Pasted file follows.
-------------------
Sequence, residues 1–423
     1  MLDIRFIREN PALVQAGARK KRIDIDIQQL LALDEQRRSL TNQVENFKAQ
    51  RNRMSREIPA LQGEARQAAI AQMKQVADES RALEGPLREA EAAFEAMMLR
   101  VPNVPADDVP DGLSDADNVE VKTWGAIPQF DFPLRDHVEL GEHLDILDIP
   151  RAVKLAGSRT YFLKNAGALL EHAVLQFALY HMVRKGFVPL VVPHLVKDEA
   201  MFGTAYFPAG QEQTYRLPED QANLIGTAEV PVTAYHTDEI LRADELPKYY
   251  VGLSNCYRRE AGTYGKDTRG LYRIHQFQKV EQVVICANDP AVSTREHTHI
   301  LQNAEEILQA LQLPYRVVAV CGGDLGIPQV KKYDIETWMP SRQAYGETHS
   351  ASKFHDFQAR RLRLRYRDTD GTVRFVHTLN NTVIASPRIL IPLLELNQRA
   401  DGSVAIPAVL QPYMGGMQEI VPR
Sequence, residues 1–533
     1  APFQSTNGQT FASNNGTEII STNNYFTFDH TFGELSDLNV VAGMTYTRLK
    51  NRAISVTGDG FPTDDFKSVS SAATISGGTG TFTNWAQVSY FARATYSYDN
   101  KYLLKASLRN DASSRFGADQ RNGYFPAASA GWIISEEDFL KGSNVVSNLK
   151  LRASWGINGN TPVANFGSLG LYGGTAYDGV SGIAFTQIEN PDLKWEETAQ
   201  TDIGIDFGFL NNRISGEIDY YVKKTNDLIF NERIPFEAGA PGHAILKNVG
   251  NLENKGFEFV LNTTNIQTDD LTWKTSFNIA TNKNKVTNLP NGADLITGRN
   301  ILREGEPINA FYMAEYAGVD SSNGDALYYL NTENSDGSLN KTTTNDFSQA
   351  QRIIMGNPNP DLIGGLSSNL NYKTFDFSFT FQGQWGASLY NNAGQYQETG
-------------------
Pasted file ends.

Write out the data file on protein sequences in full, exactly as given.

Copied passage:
Sequence, residues 1–423
     1  MLDIRFIREN PALVQAGARK KRIDIDIQQL LALDEQRRSL TNQVENFKAQ
    51  RNRMSREIPA LQGEARQAAI AQMKQVADES RALEGPLREA EAAFEAMMLR
   101  VPNVPADDVP DGLSDADNVE VKTWGAIPQF DFPLRDHVEL GEHLDILDIP
   151  RAVKLAGSRT YFLKNAGALL EHAVLQFALY HMVRKGFVPL VVPHLVKDEA
   201  MFGTAYFPAG QEQTYRLPED QANLIGTAEV PVTAYHTDEI LRADELPKYY
   251  VGLSNCYRRE AGTYGKDTRG LYRIHQFQKV EQVVICANDP AVSTREHTHI
   301  LQNAEEILQA LQLPYRVVAV CGGDLGIPQV KKYDIETWMP SRQAYGETHS
   351  ASKFHDFQAR RLRLRYRDTD GTVRFVHTLN NTVIASPRIL IPLLELNQRA
   401  DGSVAIPAVL QPYMGGMQEI VPR
Sequence, residues 1–533
     1  APFQSTNGQT FASNNGTEII STNNYFTFDH TFGELSDLNV VAGMTYTRLK
    51  NRAISVTGDG FPTDDFKSVS SAATISGGTG TFTNWAQVSY FARATYSYDN
   101  KYLLKASLRN DASSRFGADQ RNGYFPAASA GWIISEEDFL KGSNVVSNLK
   151  LRASWGINGN TPVANFGSLG LYGGTAYDGV SGIAFTQIEN PDLKWEETAQ
   201  TDIGIDFGFL NNRISGEIDY YVKKTNDLIF NERIPFEAGA PGHAILKNVG
   251  NLENKGFEFV LNTTNIQTDD LTWKTSFNIA TNKNKVTNLP NGADLITGRN
   301  ILREGEPINA FYMAEYAGVD SSNGDALYYL NTENSDGSLN KTTTNDFSQA
   351  QRIIMGNPNP DLIGGLSSNL NYKTFDFSFT FQGQWGASLY NNAGQYQETG